These conflicting roles of HMGB1 could be attributed to the ability of HMGB1 to switch among mutually exclusive oxidative states (Figure 5). HMGB1 contains three conserved cysteine residues that are sensitive to oxidation; Cys23, Cys45 and Cys106 [125]. When all three cysteine residues on HMGB1 are reduced, HMGB1 binds CXCR4 and acts as a chemoattractant. Formation of a disulfide bond between Cys23 and Cys45 leads to the preferential binding to TLR4 and induces pro-inflammatory cytokine production. Further ROS-mediated oxidation of all three cysteine residues to sulfonates abrogates both activities [126]. Terminally oxidized HMGB1 is associated with increased resistance to chemotherapy [108, 127]. The mechanism by which HMGB1 redox state is regulated in the tumor microenvironment remains unknown, and it is possible that these changes occur either prior to HMGB1 release from the dying cell or following the release of HMGB1 into the tumor microenvironment.

Mutually exclusive forms of HMGB1.

Figure 5: Mutually exclusive forms of HMGB1. The redox dependent cytokine-stimulating and chemoattractant properties of HMGB1.

Considerations for ICD in cancer immunotherapy development.

These emerging concepts surrounding chemotherapy-induced ICD bring promises, questions, challenges, and opportunities that need to be further investigated to enhance potential clinical benefit. In particular, the concepts underlying ICD could play an important role in patient-specific chemotherapy selection, tumor-specific therapeutic strategies or dose/sequence selection. In recent years, immune modulation therapy has gained traction as an emerging standard of care for many types of cancers. Strategies for combining immunotherapies with ICD-inducing chemotherapies could potentially lead to enhanced efficacy and diminished toxicities associated with current therapeutic strategies. However, there are currently no well-established protocols for combining immune modulation therapy with ICD-inducing chemotherapies. Several factors that should be considered when combining immunotherapy with ICD-inducing chemotherapy are outlined below.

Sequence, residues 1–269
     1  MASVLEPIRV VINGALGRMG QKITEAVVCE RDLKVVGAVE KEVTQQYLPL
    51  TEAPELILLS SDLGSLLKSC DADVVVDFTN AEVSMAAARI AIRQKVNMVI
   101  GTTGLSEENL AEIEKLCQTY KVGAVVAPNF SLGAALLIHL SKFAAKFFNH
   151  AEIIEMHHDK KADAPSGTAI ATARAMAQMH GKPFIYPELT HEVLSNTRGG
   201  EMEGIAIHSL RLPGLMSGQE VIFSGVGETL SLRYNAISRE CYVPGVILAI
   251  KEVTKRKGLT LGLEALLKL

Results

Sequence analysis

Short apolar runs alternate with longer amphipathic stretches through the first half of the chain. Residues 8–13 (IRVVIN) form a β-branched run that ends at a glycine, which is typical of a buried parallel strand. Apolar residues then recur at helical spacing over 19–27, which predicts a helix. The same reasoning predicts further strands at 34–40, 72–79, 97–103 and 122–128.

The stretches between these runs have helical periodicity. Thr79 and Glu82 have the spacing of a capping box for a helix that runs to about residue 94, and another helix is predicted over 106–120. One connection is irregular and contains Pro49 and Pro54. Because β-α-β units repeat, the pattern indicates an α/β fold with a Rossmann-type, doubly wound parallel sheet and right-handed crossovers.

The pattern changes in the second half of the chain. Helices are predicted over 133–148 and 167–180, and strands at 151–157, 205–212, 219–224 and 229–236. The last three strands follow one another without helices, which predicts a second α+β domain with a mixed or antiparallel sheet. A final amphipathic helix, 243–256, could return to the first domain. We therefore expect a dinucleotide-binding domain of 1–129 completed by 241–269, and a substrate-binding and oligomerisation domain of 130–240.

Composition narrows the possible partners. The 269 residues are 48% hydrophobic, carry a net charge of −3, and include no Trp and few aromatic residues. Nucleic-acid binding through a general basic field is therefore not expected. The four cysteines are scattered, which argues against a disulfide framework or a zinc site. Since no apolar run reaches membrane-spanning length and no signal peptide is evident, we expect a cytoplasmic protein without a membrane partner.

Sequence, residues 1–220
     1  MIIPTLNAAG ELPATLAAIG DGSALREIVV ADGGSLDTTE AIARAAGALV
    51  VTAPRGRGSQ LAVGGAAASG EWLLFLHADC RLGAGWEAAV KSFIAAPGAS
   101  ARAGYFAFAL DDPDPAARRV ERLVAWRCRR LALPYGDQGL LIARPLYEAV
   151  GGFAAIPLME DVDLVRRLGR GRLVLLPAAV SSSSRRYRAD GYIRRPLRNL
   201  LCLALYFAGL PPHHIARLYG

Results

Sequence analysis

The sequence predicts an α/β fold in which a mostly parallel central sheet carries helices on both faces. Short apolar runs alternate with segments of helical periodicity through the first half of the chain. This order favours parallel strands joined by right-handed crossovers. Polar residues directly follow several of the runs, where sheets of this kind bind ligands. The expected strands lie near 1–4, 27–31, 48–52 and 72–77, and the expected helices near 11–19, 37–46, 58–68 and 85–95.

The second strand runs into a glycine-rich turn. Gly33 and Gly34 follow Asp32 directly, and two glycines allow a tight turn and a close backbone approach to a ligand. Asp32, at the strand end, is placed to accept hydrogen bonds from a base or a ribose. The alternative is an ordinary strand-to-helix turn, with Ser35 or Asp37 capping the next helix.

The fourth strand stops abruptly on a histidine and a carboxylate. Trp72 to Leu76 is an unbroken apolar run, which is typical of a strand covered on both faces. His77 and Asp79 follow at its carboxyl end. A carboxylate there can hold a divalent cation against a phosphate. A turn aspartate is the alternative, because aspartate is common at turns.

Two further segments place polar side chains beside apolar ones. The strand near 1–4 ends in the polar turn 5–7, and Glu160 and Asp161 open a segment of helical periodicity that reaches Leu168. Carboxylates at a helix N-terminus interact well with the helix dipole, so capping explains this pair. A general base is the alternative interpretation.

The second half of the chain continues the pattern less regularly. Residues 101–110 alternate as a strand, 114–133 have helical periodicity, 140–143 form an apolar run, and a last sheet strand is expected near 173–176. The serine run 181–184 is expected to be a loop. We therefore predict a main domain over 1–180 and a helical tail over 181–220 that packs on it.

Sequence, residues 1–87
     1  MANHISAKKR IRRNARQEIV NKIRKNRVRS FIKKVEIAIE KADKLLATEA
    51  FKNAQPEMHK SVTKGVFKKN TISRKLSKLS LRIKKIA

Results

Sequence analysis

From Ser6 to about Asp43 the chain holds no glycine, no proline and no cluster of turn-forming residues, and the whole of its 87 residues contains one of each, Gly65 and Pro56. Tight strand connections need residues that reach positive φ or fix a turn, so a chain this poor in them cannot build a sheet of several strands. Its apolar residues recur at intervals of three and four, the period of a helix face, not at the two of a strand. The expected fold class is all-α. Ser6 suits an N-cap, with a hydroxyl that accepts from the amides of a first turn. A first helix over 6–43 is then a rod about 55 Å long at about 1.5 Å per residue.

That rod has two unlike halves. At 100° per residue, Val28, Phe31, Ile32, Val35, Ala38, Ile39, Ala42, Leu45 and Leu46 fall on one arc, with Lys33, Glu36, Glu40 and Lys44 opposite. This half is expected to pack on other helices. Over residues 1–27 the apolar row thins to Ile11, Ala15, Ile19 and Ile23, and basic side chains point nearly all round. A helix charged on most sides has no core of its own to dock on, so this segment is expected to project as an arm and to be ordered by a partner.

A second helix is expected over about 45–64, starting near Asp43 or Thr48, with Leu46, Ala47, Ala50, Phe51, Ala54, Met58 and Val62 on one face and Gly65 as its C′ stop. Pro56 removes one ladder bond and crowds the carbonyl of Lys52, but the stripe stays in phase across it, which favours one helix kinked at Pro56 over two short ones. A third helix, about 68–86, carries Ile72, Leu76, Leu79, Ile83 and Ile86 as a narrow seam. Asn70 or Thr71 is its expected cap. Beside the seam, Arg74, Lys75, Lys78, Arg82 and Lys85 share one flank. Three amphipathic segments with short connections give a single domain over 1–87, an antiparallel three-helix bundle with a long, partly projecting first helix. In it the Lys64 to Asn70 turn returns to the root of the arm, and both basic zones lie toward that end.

CALR “eat me” vs CD47 “don’t eat me” signals

In non-Hodgkin’s lymphoma patients receiving autologous DCs loaded with tumor cell antigens (generated by heat shock or irradiation), levels of CALR exposure on cancer cells provided an independent prognostic marker [13]. Similarly, in acute myeloid leukemia (AML) patients receiving anthracycline therapy, the ability of autologous T cells to produce an antigen-specific IFN-γ response was strongly correlated with the tumor associated ER stress (measured by phospho-eIF2α) and ecto-CALR expression [128]. Chemotherapeutics such as cisplatin fail to trigger CALR exposure due to the inability to induce ER stress, but co-administration of ER stressors such as thapsigargin or tunicamycin can correct this defect [28, 30, 129-131]. Patients who receive bona fide ICD inducers and fail to upregulate CALR or patients receiving non-ICD-inducing chemotherapies such as cisplatin may potentially benefit from a combination therapy with ER stressors or administration of exogenous recombinant CALR [16, 22, 131, 132]. However, expression of ecto-CALR alone is not sufficient to promote clearance of dying cells, since it is also important that the “don’t eat me” signals mediated by CD47 are absent or inhibited [128, 133]. CD47 is a ubiquitously expressed transmembrane protein that binds to SIRPα (signal regulatory protein α) on phagocytic cells, including macrophages and DCs [134, 135], initiating a cell signaling cascade that inhibits phagocytosis [136, 137]. Cancer cells appear to upregulate CD47 as a mechanism of immune evasion [138-140]. Indeed, elevated CD47 expression is strongly correlated with resistance to anti-cancer therapy [141]. Antibody-mediated blockade of CD47 was shown to increase macrophage-mediated phagocytosis of leukemia and solid tumor cells in vitro and reduce tumor burden and enhance survival in vivo [140, 142]. Therefore, combining CD47 blockade with ICD inducers may theoretically enhance therapeutic outcomes.

Polymorphisms in HMGB1, TLR4, and P2RX7